While Cooldown is a new business, it could prove to be one of several apps that help grow the esports industry.
Have you ever been so mad at
losing a game from lag that you’ve thrown your controller or keyboard across
the room? Maybe you punched a hole in a wardrobe or howled at the moon so
loudly you woke up your neighbours.
Most of us have been there, especially if you played online multiplayer games before fibre optic internet became available - being booted from a lobby because of a weak connection was a daily occurrence. The stress of playing some games can be severe enough without millions of dollars on the line, and pro players have started dropping out of esports, citing mental health issues as the principal cause. Trying to improve the situation, the Counter-Strike Professional Players Association has partnered with a Danish online mental health service called We.Care to offer players specialised psychological support.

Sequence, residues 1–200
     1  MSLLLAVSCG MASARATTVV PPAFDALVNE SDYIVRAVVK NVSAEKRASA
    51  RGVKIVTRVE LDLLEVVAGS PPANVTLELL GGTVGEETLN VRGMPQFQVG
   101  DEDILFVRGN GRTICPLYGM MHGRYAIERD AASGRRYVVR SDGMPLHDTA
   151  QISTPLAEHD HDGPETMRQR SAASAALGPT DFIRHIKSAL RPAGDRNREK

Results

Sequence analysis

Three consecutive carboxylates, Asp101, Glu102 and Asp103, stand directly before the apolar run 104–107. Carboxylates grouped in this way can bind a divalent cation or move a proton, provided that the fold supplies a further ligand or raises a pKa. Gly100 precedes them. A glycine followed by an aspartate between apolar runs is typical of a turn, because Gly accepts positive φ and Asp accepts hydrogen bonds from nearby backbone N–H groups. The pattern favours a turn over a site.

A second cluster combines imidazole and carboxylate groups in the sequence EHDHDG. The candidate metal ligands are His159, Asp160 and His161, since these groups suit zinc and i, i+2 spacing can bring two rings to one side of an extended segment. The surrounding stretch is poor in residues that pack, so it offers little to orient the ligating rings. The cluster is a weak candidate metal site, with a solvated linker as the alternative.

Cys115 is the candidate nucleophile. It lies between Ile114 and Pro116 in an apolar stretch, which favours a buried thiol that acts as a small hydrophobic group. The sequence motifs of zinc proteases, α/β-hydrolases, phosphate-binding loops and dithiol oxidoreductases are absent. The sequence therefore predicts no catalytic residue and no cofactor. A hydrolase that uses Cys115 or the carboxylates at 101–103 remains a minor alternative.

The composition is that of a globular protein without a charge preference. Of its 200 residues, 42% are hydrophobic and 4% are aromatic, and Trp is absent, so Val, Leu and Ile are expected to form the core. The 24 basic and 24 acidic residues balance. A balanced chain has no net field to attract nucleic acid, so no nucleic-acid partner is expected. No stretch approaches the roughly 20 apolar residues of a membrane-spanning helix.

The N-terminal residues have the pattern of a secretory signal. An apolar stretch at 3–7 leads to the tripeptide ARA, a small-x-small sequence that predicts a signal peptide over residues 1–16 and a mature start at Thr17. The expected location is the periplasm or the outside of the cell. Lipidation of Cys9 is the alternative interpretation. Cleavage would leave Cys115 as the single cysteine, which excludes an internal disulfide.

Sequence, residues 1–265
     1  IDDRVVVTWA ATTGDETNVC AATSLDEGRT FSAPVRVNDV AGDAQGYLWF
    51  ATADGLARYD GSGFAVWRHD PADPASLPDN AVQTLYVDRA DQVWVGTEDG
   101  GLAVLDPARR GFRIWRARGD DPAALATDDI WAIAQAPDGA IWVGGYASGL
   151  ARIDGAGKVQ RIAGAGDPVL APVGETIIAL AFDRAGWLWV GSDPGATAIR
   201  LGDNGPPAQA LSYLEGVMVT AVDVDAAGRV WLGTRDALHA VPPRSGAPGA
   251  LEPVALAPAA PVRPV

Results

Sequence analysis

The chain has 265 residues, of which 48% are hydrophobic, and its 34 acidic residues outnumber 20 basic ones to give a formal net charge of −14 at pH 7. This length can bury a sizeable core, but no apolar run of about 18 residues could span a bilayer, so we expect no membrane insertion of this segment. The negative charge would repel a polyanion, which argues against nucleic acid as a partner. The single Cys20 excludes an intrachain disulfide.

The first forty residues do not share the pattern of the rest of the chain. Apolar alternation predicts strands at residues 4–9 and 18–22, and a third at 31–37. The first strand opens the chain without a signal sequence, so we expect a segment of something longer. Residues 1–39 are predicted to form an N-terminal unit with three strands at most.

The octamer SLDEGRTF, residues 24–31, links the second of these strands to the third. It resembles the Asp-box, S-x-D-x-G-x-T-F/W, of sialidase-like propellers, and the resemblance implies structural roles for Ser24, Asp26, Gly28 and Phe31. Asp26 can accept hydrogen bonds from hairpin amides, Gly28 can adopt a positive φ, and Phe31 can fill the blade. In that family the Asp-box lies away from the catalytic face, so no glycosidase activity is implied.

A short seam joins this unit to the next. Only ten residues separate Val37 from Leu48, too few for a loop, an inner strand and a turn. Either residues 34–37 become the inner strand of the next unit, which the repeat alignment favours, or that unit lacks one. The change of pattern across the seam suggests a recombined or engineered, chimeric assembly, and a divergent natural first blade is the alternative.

The service includes one-on-one video calls or messages with a qualified psychologist, which will help pro gamers adopt healthier practices and better attitudes toward their livelihood. If you’re an amateur gamer needing some relief from toxic player pools or lousy internet, then help could soon be on the way for you too.
Although the service is only currently available to frazzled professional CS: GO players, it’s likely that We.Care and other companies will start offering their services to players from other games, both pro and amateur, to help them cope with mental exhaustion.
Best known for its smash-hit
multiplayer games League of Legends and Valorant, Riot Games is starting to
focus on player’s mental health issues. The company has partnered with Public
Good Projects to create mental health guidance for streamers, content creators
and moderators in North America.
The guide aims to show people how to support viewers, friends, or fans who aren’t doing so well and need a helping hand. You can find a copy of the guide here.
The Great Push is the first
one-off World of Warcraft competitive event of 2021, where more than 2,100
teams compete to secure a $20,000 prize.
The teams were tasked with completing all six Shadowlands dungeons in any order they choose. Each team had five hours per day to achieve the highest score they could.